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AU researcher works on interconnect for solid oxide fuel cells
3/20/12

Solid Cell of Rochester and Alfred University (AU) will be collaborating on a state- funded project to improve solid oxide fuel cells (SOFC).

The New York State Energy Research and Development Authority is funding the work, which will include development of ceramic interconnects, innovative ceramic circuits, for the SOFC.

Having completed a ceramic interconnect proof-of-concept research project during the summer of 2011, Olivia Graeve, associate professor of materials science in the Kazuo Inamori School of Engineering at Alfred University, is heading up the research project.

Solid Cell came "to AU because of our internationally recognized expertise in ceramic technology," said Matthew Hall, director of the New York State Center for Advanced Ceramic Technology (CACT) at AU. The CACT facilitates industrial-academic collaborations.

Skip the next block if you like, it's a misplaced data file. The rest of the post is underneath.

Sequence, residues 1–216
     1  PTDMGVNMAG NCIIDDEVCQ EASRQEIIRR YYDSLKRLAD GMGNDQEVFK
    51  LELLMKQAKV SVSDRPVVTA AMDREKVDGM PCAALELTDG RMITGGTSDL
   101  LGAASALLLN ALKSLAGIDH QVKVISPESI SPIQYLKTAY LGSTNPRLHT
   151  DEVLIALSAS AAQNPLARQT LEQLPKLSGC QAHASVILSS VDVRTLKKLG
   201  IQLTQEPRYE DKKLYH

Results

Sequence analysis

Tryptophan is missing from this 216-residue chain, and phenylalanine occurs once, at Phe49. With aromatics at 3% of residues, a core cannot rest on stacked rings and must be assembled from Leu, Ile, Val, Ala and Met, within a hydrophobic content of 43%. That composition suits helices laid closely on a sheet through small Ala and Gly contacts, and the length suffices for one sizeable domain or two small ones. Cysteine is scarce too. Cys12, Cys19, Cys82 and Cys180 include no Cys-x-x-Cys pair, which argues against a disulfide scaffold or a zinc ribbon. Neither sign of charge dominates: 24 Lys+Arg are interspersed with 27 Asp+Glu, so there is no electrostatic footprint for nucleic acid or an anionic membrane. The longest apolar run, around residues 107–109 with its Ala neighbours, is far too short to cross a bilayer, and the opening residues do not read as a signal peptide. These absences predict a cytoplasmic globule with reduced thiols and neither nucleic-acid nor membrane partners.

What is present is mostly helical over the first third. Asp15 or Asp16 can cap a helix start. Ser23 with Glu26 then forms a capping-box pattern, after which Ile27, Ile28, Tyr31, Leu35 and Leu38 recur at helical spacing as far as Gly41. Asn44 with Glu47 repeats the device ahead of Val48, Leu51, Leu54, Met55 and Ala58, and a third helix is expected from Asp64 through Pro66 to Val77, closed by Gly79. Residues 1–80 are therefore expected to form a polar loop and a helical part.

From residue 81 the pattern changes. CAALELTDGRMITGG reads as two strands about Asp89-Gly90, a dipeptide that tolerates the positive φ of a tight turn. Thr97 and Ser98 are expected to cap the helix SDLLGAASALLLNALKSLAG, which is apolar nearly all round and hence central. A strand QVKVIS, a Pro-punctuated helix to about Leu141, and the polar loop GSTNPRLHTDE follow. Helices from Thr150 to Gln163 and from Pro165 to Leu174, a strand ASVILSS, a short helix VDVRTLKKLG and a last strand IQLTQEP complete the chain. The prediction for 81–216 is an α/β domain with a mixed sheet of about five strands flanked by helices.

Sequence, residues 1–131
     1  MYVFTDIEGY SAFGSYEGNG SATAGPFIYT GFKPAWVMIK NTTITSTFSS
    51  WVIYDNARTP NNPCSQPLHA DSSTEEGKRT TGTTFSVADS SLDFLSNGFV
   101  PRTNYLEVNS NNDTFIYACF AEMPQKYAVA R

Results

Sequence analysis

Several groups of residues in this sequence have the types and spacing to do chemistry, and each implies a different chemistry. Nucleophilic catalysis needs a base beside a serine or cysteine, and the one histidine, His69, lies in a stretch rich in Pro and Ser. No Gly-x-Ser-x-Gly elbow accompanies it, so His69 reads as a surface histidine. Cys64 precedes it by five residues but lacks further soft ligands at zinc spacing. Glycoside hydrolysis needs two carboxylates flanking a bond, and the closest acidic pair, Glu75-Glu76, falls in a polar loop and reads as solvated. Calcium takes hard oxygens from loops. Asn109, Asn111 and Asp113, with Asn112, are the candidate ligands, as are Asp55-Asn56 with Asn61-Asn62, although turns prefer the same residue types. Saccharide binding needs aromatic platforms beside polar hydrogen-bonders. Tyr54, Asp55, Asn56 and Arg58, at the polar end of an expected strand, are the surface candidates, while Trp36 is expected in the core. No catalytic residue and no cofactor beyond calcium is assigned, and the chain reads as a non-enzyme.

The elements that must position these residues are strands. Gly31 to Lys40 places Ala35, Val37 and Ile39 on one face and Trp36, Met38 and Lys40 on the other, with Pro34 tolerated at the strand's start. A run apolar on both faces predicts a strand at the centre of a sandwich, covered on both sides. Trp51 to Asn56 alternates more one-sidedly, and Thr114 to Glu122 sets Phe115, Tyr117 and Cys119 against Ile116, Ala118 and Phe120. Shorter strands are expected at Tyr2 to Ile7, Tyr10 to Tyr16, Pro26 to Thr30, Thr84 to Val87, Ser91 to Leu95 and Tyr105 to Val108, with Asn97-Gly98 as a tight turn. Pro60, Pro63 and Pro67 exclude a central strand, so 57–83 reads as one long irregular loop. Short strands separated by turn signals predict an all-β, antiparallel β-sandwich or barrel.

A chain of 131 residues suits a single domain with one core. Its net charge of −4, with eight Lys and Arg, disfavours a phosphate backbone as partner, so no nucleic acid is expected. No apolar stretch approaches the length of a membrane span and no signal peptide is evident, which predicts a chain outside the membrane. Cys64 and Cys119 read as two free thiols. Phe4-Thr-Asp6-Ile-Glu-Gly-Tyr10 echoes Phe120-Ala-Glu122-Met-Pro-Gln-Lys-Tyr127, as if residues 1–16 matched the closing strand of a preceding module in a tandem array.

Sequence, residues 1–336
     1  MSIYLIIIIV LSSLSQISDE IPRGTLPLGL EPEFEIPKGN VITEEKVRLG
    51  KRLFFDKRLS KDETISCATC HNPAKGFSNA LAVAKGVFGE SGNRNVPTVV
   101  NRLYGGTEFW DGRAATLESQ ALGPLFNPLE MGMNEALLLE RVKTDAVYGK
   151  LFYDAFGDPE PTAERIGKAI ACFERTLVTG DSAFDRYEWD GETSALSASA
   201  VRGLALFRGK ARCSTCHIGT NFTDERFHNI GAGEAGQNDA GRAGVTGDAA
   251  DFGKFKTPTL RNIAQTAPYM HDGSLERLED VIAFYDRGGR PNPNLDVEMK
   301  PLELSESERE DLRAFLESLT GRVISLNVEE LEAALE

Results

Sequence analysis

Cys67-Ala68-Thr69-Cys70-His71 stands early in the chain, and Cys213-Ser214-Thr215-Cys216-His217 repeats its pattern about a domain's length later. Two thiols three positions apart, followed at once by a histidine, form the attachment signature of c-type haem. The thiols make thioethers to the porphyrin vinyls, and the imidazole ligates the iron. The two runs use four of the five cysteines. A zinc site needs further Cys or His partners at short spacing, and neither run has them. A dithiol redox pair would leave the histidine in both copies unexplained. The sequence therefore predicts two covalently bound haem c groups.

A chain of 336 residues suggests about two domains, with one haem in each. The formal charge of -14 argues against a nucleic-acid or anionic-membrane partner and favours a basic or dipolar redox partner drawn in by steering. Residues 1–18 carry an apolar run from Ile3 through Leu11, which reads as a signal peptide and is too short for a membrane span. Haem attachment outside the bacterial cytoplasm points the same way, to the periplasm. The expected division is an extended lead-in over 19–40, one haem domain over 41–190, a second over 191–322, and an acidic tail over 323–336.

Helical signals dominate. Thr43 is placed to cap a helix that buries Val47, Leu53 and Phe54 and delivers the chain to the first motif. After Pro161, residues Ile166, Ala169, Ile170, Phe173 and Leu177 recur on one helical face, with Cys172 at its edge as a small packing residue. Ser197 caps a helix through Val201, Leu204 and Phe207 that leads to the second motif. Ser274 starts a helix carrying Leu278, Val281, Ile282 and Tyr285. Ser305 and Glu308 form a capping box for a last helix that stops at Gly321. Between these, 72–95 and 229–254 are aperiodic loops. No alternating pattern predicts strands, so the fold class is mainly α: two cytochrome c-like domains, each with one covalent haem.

Graeve and her team will receive $70,000 from Solid Cell to work on ceramic interconnects for solid oxide fuel cells, The state funding will be matched by $14,000 from the CACT, according Hall. This will be a one-year project with one graduate student.

Fueled by hydrogen, solid oxide fuel cells (SOFC’s) are potentially an alternative method for generating electricity. The ceramic solid-state stack is composed of an anode and cathode, both sandwiching an electrolyte. The interconnect completes the electrical circuit within the SOFC, said Hall.

"The interconnect is usually a [metallic] alloy," Hall said. "However, it is susceptible to degradation because solid oxide fuel cells run at higher temperatures in a chemically aggressive environment." SOFC’s typically operate at 800° C, although scientists are trying to drive down the operating temperature.

Unlike metals and their alloys, ceramics are much more durable at high temperatures and in chemically caustic environments. Because of their high operating and temperatures and exotic materials compositions, SOFC’s create such caustic environments, according to Hall.

"Ceramics can possibly solve these [interconnect] issues and improve the long-term reliability of these devices," he said.